ABSTRACT: This study sought to explore the therapeutic potential of platelet gel for the treatment of myocardial infarction.
Cardiac dysfunction after acute myocardial infarction is a major cause of heart failure. Current therapy relies on prompt reperfusion and blockage of secondary maladaptive pathways by small molecules. Platelet gels are biomaterials rich in cytokines and growth factors, which can be manufactured in an autologous manner and are effective in various models of wound healing. However, the potential utility of platelet gel in cardiac regeneration has yet to be tested.
Platelet gel was derived from syngeneic rats and its morphology, biocompatibility, secretion of beneficial factors, and in vivo degradation profile were characterized.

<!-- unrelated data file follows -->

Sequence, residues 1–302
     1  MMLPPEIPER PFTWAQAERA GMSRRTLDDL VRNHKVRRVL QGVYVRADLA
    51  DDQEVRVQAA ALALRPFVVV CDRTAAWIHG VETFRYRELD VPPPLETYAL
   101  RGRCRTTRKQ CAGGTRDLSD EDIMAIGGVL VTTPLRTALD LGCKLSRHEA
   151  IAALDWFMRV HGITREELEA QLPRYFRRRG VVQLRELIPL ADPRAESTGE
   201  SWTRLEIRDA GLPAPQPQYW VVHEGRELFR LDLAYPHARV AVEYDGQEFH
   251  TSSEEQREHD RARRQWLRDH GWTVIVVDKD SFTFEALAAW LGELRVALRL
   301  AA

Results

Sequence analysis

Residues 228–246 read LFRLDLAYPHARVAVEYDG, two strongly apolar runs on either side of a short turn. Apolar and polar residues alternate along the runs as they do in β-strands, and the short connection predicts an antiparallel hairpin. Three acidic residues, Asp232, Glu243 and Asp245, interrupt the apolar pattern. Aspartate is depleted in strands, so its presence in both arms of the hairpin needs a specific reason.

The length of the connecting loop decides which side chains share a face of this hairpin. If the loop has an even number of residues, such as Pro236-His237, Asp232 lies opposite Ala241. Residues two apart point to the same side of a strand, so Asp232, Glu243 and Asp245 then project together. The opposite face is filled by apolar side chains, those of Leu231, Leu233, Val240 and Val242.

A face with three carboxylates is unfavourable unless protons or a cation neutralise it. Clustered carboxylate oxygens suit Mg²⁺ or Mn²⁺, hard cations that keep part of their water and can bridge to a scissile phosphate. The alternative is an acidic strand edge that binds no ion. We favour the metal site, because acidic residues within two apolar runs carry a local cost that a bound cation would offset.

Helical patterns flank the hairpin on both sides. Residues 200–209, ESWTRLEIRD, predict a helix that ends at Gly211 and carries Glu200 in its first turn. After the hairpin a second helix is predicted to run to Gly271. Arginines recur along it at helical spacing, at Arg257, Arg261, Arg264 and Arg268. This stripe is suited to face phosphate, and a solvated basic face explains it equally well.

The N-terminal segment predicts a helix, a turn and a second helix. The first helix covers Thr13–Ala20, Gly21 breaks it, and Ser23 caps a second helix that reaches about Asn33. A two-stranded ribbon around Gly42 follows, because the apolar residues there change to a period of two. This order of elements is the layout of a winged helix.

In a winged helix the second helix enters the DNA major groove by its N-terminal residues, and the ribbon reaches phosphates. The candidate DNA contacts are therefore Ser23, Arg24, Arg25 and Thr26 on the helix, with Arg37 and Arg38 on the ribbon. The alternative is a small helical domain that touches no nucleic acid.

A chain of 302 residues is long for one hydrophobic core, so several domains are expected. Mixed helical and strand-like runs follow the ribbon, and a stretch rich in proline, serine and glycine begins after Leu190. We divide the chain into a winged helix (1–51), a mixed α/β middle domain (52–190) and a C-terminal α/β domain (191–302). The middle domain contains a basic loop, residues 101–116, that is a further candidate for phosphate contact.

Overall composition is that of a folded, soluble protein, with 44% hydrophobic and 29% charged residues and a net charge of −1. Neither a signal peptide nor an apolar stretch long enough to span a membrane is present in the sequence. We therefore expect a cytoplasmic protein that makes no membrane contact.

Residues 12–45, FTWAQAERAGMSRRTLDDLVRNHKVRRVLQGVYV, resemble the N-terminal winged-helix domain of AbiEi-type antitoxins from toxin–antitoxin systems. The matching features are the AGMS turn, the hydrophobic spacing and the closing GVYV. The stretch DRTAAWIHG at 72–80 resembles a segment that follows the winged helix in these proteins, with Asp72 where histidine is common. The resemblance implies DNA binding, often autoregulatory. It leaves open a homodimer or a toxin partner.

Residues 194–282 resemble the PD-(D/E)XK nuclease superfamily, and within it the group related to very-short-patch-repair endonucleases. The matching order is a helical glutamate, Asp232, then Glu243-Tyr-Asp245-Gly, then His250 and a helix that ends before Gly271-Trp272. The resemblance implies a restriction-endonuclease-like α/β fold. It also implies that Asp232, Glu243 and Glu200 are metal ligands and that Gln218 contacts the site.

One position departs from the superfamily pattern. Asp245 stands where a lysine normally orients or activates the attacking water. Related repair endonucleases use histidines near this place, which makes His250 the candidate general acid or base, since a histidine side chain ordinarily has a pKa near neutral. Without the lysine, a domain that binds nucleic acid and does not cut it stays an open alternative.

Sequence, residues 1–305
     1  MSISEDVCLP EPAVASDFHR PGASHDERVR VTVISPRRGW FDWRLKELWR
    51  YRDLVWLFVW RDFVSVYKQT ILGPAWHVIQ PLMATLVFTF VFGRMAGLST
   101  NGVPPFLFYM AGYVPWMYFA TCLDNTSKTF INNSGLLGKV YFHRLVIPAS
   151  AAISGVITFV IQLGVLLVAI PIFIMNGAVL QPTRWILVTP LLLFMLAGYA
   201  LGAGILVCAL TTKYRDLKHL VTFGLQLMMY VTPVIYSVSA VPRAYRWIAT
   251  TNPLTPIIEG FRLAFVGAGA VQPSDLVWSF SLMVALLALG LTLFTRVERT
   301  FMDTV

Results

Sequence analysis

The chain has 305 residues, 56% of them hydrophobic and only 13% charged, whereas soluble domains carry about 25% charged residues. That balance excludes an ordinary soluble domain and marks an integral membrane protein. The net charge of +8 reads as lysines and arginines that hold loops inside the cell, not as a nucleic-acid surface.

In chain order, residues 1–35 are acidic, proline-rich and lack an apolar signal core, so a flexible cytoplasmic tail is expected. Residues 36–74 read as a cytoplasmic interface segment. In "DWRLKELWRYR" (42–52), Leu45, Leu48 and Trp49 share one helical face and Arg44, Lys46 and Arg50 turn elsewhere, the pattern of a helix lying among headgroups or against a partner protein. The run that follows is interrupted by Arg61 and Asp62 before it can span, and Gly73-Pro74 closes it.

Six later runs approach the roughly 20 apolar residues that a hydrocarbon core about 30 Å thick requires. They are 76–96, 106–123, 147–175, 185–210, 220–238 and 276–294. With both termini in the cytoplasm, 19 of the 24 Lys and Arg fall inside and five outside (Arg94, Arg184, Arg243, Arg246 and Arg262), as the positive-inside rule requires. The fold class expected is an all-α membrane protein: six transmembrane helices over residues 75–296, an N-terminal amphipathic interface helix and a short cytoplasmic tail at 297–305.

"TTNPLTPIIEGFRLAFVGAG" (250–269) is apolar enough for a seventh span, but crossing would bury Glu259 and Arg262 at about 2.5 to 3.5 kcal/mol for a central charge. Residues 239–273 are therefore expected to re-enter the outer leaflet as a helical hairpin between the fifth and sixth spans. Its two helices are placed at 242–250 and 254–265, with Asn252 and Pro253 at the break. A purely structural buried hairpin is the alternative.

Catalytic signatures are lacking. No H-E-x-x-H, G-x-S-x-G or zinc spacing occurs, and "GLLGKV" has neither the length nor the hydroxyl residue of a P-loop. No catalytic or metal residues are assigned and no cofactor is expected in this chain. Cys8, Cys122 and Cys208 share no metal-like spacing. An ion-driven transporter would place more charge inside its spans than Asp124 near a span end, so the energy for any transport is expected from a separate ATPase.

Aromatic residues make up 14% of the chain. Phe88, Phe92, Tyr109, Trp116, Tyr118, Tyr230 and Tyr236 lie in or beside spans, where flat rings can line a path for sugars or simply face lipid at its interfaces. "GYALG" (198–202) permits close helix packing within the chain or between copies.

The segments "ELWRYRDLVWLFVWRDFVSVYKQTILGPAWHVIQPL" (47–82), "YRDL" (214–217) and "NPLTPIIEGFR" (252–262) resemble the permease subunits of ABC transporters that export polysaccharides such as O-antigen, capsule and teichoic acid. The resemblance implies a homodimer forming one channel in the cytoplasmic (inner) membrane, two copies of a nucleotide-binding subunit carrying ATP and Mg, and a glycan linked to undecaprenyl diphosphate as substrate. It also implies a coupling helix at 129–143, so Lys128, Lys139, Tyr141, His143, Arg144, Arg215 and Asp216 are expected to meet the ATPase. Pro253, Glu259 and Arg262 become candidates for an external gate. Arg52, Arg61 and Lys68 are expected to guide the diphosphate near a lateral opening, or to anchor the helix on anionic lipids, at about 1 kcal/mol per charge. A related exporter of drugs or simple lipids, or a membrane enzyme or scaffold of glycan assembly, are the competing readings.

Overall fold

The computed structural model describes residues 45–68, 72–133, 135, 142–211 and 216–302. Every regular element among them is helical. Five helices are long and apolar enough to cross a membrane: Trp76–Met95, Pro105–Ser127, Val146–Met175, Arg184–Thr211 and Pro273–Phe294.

After delivery into infarcted rat hearts, the gel was efficiently infiltrated by cardiomyocytes and endothelial cells. Gel-treated hearts exhibited enhanced tissue protection, greater recruitment of endogenous regeneration, higher capillary density, and less compensatory myocyte hypertrophy. The cardiac function of control-injected animals deteriorated over the 6-week time course, while that of platelet gel-injected animals did not. In addition, the gel did not exacerbate inflammation in the heart.
Intramyocardial injection of autologous platelet gel ameliorated cardiac dysfunction after myocardial infarction. The striking functional benefits, the simplicity of manufacturing, and the potentially autologous nature of this biomaterial provide impetus for further translation.
Journal of the American College of Cardiology 01/2012; 59(3):256-64. · 14.16 Impact Factor